Manhattan’s site for the Black Lives Matter mural was organized by Harlem Park to Park, featuring work of Harlem artists ...
AmNews: Do you regret not taking the producer credit?
Adams: Of course, there is an element of regret. I would have been Dr. Dre 10 years before Dr. Dre was Dr. Dre.
AmNews: It seems like your career didn’t take a very straight path. Like you put on many different hats as an arranger, musician, songwriter and producer.
Adams: When I was 12 years old, I had the notion that I wanted to be a record producer. I didn’t really know what a record producer did, but I grew up in an era where studiousness and attention to detail and knowledge was rewarded. If you put in the work, the reward would come. If you had talent and did the homework, you would eventually rise to a level of comfort and success. Life is not like that now. We’re in a time where it seems like everybody knowing who you are, regardless of what you do or don’t do ... Now, anyone who has a computer and buys a $100 of software can call themselves a producer. Everyone is not going to be a rap star or TV reality star.
AmNews: Maybe because of your attention to detail and professionalism you’ve gotten the opportunity to collaborate with Red Bull Music Academy. I think when you get so big and your career is all about being seen, you miss prestigious if not intimate opportunities to do concerts and in conversations.
Adams: The thing I like about Red Bull Music Academy is that they are dedicated to keeping things alive. I did their lecture series in 2013, and because of my credits, they put me in a book called “For the Record,” which they called conversations with people who formed the way we listen to music. It was a brilliant idea. You take an established artist, which would be the equivalent of a master, and a new artist, which would be the equivalent of a producer, and you put them together and let them have a conversation. That became a chapter in the book.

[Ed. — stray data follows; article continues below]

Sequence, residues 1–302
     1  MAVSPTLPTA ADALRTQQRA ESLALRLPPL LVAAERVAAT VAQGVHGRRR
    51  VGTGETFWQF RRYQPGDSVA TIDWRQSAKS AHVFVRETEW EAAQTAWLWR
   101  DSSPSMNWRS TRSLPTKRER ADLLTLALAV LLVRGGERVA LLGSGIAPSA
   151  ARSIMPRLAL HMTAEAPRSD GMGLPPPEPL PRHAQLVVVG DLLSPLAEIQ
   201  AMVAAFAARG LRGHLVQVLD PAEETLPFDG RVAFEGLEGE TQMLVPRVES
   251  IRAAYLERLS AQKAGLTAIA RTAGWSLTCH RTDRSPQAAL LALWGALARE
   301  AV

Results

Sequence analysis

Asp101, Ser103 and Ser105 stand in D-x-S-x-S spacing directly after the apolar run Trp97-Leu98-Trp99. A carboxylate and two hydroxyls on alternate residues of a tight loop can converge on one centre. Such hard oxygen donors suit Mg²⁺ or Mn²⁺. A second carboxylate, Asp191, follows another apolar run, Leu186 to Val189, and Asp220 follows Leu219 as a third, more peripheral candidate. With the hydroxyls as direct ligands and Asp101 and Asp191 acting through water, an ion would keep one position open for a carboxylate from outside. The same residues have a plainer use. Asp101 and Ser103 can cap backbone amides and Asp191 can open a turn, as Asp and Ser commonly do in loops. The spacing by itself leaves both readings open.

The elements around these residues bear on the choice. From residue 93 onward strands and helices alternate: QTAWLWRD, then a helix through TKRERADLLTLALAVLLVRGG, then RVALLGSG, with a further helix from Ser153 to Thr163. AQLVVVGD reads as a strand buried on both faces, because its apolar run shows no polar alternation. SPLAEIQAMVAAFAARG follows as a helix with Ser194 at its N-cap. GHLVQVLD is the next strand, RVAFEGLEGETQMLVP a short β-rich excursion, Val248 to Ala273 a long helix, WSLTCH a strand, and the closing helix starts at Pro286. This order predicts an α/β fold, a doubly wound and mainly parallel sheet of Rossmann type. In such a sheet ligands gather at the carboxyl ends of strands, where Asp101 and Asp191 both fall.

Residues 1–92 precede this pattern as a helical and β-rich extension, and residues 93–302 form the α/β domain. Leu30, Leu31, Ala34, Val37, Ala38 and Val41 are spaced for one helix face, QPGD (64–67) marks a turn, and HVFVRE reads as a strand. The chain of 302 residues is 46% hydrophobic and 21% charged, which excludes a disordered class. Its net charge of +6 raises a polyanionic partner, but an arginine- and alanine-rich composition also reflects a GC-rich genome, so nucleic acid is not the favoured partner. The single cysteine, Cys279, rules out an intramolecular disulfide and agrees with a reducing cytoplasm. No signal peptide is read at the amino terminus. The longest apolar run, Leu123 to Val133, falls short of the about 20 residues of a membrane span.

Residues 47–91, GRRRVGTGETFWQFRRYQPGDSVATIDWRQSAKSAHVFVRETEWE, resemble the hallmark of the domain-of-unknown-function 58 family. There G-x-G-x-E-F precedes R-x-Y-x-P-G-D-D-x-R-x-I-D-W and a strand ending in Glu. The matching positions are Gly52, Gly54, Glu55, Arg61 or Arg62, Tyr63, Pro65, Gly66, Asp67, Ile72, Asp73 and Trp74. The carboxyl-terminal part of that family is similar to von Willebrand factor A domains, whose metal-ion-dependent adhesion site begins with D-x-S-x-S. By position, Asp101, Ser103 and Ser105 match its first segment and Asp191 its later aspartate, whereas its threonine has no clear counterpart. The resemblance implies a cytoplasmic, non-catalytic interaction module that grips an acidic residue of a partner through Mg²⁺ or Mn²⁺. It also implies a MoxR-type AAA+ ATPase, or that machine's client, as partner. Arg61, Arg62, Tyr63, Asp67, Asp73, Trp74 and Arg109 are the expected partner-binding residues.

Even with all the talent in the world, if you don’t study the craft and try to learn from the masters who came before you ... when you look at Michael Jackson, and people to rose to the height of success, a lot of it was talent, granted, but a lot of it was study. You can look at Michael and say, “He got that move from Sammy Davis Jr.” Or the way he pronounced his words, he sang clearly—his ultimate success came from him being hooked up with Quincy Jones. Quincy Jones is one of the best producers of our lifetime. I’ve always said, I want to be the Quincy Jones of the next generation. I want to be thought of as someone who could do anything and someone was good at everyone who did.
AmNews: I’d like to step into the present and ask, with over a thousand credits under your belt, how are you going to put together a two-hour concert for Red Bull Music Academy Festival?
Adams: Interestingly enough, the challenge was choosing the music. We’re going to have live musicians, there will be a core rhythm section, and then we’re going to have string and horn players. We are bringing in Black Ivory and some other great singers, and we’re talking to several people right now. I want to start the show with a medley of songs as an introduction. Then different acts will come in and do full songs live.
AmNews: How do you feel about music today? If you consider there to be pitfalls in music today, where do you think the problem began?
Adams: Greedy people. Back in the ’80s, which some people call the “me generation.” The same attitude that lead to the corporate raiders on Wall Street hit the music industry. The Republicans said, “If we give tax breaks to corporations, they’ll have more money to hire people.” But that’s not what happened. The corporations bought other corporations and took the money. It was no longer about art or the quality of the music, it became “Give me a song like the other one.”